Celebrating Cultures, Promoting Integration
Winter season is cold season! Do you know how to get your prescription medication in Ireland yet?
As I’m writing this article I’m wiping my running nose, huddled under a bunch of warm blankets. My cold apparently decided to be resistant to the regular medicine you can get over the counter at the pharmacist, so I will need to get prescription medicine at some point. So now, I’m sitting here in my bed, nursing my impending headache and wonder how people from foreign countries can get their prescription medication here in Ireland.
If you are ordinarily resident, meaning that you either have been living or intend to live in Ireland for at least a year, you are entitled to free public hospital services and subsidised prescribed drugs as well as certain medical aids and appliances. To establish that you are ordinarily resident in Ireland, you must show the Health Service Executive (HSE) specific documentation that confirm your claim:
- Proof of property purchase or rental, including evidence that the property in question is the person’s principal residence
- Evidence of transfer of funds, bank accounts, pensions etc.
- A residence permit or visa
- A work permit or visa, statements from employers etc
- In some instances, the signing of an affidavit (a sworn written statement) by the applicant is necessary
If you have a medical card issued by the HSE you can receive certain health services free of charge. Prescribed medication is covered by the card as well, though some small prescription charges may apply (no more than €2). Normally, your dependent spouse or partner and your children are also covered for the same range of health services. You can only get a medical card if your income is below a certain level for your family size. If you do not qualify for a medical card on income grounds, you may be able to get a GP visit card, but this card does not cover the costs of prescription medicine.
People suffering from certain chronic illnesses can get free medication as well as medical and surgical appliances for the treatment of that condition under the Long Term Illness Scheme. If you, or rather your illness qualify, you will get a long-term illness book. It lists the medication for the treatment of your condition, which will be provided to you free of charge. Every other prescription you still need to pay the normal way.
If you are not covered by a medical card or any other scheme, you can register for the Drugs Payment Scheme which limits the monthly cost of prescription medicine to €124 for you and your family. If you pay over the maximum, for example, you can apply for a refund of the amount over the threshold.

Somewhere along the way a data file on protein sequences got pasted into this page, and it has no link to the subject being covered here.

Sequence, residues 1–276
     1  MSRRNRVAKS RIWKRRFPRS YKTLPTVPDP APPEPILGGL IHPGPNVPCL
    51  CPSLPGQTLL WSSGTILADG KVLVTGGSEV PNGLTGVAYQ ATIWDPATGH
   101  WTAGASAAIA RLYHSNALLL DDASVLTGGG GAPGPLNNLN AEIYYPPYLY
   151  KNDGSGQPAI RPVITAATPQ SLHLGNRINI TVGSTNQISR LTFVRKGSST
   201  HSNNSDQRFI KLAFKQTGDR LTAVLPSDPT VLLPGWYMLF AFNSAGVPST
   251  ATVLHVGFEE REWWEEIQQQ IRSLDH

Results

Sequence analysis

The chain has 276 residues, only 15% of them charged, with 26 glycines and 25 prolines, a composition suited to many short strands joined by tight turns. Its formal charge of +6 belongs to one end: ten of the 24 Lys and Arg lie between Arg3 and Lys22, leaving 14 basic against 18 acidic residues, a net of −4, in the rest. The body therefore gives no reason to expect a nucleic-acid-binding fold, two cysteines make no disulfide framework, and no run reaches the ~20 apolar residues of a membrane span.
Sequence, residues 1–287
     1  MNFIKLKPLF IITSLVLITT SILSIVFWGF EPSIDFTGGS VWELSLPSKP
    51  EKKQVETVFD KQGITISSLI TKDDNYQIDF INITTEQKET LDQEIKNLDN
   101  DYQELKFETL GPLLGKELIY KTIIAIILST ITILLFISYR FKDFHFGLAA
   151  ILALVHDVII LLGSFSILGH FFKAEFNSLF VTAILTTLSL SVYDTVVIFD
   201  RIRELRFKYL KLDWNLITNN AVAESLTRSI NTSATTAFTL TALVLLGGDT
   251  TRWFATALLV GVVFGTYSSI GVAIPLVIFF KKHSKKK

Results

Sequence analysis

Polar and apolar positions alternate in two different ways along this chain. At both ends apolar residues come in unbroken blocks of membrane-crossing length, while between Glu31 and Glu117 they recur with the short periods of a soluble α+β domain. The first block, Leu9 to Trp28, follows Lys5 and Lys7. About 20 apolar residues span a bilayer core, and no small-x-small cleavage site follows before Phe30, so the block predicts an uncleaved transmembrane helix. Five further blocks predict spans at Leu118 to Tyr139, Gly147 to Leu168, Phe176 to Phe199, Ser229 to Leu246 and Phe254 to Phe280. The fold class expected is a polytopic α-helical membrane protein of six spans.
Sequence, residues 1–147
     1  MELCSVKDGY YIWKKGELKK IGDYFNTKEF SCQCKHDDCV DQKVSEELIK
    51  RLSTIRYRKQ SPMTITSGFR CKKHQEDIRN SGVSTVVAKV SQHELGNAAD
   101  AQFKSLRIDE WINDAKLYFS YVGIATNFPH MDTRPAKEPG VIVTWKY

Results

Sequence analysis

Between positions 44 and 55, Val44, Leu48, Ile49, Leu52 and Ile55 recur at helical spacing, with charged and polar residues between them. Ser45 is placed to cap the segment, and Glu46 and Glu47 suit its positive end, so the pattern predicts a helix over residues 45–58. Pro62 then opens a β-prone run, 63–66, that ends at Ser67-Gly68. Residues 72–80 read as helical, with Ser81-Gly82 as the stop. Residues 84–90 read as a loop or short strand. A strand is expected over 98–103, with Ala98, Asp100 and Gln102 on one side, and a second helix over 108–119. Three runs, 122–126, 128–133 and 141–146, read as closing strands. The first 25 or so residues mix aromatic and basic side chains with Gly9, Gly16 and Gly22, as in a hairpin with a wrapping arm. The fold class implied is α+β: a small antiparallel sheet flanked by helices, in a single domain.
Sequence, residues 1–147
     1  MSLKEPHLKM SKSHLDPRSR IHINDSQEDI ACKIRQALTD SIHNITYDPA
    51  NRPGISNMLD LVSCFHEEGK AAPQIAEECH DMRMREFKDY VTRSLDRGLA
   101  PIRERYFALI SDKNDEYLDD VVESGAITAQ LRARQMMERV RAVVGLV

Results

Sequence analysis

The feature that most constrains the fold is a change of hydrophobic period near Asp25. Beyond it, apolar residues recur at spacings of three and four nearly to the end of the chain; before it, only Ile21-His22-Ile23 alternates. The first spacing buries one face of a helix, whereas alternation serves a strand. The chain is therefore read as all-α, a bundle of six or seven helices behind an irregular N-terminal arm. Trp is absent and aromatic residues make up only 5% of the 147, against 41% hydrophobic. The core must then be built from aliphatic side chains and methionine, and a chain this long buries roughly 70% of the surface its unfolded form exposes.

Where to get prescribed medication
In general, prescribed medication is provided by retail pharmacies. GPs may provide medication directly to patients if the GP’s practice centre is three miles or more from the nearest retail pharmacist. Hospitals and other specialist institutions can also provide medication directly if needed. The rules about free and subsidised medication are the same regardless of provider. Bear in mind that pharmacies have specific opening times – they are not open 24/7. If you’re in urgent need of some medicine late in the night, you must go to the nearest accident and emergency hospital.
Most prescriptions are valid for up to six months from the date they are written. After that time it is not valid anymore, even if all the medication prescribed was not fully distributed.
If you have a prescription made by a doctor in the European Economic Area (EEA), the prescription is valid in all other EEA countries (which Ireland is a part of) if it contains certain information.
Prescriptions written outside of the EEA are not legally valid in Ireland and pharmacists are not allowed to dispense them. If there is something that you need that has been prescribed by a doctor or other healthcare practitioner who is not registered in an EEA country, you should make an appointment with an Irish registered doctor to review your medication, your condition and provide appropriate advice.
There is no specific form or format required in order to use a prescription in another EEA country but it must contain specific information about the patient, doctor and medication prescribed.
- Surname and first name written in full (not initials)
- Date of birth
Details of the prescribing doctor
- Surname and first name written in full
- Professional qualification
- Details for direct contact (email and telephone or fax including international prefix)
- Work address (including the country)
- Date the prescription is issued
- The common name should be used rather than the brand name, which may be different in another country. (If a specific brand is medically necessary the prescription should include a brief statement of the reason.) There are International Nonproprietary Names recommended by the World Health Organisation which should be used where possible. In the case of biological medicinal products, brand names may be used.
- The format of the product, for example, whether it is in the form of tablets or solution
- The quantity and strength
- The dosage or instructions for use
Some medication may not be authorised for sale or may not be available in another country within the EEA.
Not all of these details are required for getting prescription medication in Ireland so, if you intend to use a prescription in another country, you should check that your doctor here has included all the necessary information listed above.